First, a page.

Contagious blood cancer spreads among clam species

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A new study tracked the spread of a contagious blood cancer that raged through various species of clams across the Atlantic Ocean and the Mediterranean Sea.

And the research, published Wednesday in the journal eLife, suggests that human activity may be contributing to the spread of cancer among bivalve shellfish such as clams and mussels.

Cancers that are contagious are rare, but have been identified before in Tasmanian devils, dogs and bivalve species. The tumour cells in a contagious cancer act as parasites that can be transmitted between individuals. In the case of clams getting cancer, the cancer cells can leave the original host and drift in the sea until they infect another susceptible candidate in the bivalve population.

In this study, researchers were attempting to track a type of blood cancer called hemic neoplasia in warty venus clams, a saltwater clam that lives off the Atlantic coast of Europe and also in the Mediterranean Sea.

“We set out to confirm whether a leukemia-like blood cancer found in some bivalves also infects Venus verrucosa, otherwise known as warty venus clams that are found in the seas of southern Europe,” Daniel García-Souto, a postdoctoral researcher in genetics at the University of Santiago de Compostela (USC) and a co-first author of the study, said in a press release.

They collected 345 warty venus clams from eight sampling points along the coast of Spain, Portugal, France, Ireland and Croatia, and found clams with cancer in two regions of Spain — one group on the Atlantic coast, and the other more than 1,000 nautical miles away in the Mediterranean Sea.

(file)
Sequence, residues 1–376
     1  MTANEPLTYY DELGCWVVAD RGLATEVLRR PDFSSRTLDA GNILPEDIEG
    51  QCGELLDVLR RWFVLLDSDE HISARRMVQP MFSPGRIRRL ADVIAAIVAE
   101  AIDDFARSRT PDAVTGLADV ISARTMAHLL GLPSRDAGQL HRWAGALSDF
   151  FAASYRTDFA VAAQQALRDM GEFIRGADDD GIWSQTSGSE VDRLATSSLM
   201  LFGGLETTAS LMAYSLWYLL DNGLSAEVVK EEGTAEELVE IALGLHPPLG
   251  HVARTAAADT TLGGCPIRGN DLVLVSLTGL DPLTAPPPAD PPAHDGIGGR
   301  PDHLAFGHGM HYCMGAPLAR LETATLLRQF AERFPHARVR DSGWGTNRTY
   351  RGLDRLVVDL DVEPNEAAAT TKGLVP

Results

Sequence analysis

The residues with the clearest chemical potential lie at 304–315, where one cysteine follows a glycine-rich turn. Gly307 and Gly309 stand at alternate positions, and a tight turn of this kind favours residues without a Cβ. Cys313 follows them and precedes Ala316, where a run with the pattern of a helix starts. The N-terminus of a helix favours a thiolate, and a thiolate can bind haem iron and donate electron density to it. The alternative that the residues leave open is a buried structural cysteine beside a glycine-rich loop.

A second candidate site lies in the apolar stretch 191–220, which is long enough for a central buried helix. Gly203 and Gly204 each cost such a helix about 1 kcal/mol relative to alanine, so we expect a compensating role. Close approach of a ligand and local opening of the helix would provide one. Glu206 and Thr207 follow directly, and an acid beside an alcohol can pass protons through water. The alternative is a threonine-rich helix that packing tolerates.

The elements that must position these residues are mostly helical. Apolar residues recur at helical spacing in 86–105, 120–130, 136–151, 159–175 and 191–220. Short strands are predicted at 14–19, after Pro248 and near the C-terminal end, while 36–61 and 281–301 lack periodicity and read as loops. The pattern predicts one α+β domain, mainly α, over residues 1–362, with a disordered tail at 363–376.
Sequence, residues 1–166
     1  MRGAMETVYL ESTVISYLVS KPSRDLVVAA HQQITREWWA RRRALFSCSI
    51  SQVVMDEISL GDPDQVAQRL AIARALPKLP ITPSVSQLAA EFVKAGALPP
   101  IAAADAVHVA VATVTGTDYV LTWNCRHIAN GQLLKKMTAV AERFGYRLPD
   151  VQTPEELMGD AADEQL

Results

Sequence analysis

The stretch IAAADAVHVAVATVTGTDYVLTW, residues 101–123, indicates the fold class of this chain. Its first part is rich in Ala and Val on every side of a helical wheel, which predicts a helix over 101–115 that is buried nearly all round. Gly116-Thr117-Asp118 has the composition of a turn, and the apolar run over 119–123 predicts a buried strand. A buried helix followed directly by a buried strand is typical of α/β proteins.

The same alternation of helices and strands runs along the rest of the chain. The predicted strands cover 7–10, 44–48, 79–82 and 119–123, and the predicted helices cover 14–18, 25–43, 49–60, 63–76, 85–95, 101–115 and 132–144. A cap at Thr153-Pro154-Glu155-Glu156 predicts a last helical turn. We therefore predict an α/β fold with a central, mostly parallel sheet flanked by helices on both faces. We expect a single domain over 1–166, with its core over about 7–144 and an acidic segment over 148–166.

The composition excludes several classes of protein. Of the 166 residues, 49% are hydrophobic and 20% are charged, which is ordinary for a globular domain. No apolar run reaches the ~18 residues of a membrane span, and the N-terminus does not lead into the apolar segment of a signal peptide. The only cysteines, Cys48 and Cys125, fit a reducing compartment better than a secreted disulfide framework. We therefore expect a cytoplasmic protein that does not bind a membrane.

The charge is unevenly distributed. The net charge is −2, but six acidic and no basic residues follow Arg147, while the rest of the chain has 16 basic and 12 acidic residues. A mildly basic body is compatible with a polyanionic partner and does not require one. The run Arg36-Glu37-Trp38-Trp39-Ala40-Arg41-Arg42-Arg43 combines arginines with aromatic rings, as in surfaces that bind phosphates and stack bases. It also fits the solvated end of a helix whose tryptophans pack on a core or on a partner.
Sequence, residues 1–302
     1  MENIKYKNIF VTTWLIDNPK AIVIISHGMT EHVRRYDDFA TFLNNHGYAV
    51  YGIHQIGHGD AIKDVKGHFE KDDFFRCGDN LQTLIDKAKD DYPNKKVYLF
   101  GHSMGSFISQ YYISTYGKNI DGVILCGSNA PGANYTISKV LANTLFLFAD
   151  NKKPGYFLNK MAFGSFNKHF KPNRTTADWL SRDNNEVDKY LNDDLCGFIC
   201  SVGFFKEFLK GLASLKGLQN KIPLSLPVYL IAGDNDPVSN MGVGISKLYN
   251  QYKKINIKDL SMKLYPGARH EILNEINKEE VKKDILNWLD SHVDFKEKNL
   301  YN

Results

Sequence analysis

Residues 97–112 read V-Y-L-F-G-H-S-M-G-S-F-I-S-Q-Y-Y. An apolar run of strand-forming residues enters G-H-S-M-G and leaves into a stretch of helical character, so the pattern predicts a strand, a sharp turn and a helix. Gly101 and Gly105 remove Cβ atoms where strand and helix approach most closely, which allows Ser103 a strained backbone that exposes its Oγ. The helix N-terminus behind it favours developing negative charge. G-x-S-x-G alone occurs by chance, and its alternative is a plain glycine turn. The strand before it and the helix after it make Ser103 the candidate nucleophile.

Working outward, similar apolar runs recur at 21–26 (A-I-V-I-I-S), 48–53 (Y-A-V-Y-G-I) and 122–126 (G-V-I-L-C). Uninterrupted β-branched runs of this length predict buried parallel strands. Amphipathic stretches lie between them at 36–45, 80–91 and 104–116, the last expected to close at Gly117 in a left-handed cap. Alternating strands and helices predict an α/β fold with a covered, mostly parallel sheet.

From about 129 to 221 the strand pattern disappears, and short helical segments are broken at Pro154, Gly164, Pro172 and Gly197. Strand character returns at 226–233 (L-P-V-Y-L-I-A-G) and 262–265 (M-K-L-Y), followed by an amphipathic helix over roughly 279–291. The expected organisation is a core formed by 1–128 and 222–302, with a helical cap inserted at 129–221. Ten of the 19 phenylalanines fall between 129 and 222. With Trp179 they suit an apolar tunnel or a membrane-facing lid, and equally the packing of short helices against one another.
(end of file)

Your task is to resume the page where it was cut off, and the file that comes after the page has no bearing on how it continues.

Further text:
But when researchers sequenced the cancer, they found DNA from another distinct clam species, showing that the cancer had jumped from one species to the warty venus.

“Our work confirms that contagious cancers can jump between marine clam species,” senior author José Tubío, a researcher in Genomes and Disease at USC, said in the release. “As this may pose a potential threat to marine ecology, we need to keep studying and monitoring pathogens including cancers to help protect these species.”

Through genome-sequencing, they tracked the origin of the cancer to a single clam, which later became infectious and spread the cancer to other clams around it.

The second species of clam, where the blood cancer had originated, was identified as the striped venus clam, which can be found in the same regions as the warty venus. Researchers screened an additional 200 striped venus clams from the regions and found no evidence of continuing cancer, suggesting that after the cancer made the jump to warty venus, it is only active in that species now.

And the research suggests that this isn’t just a marine problem to keep an eye on. It’s something we play a role in as well.

“The genetic similarity of the cancer cells found in warty venus clams in both the Atlantic Ocean and Mediterranean Sea suggests that human shipping activities may have transported the cancer from one region to another,” Alicia Bruzos, co-first author, said in the release. She was a PhD Student at USC at the time the study was carried out, and is now at the Francis Crick Institute in London, UK.

The research was funded largely through Scuba Cancers, an ERC starting grant project.

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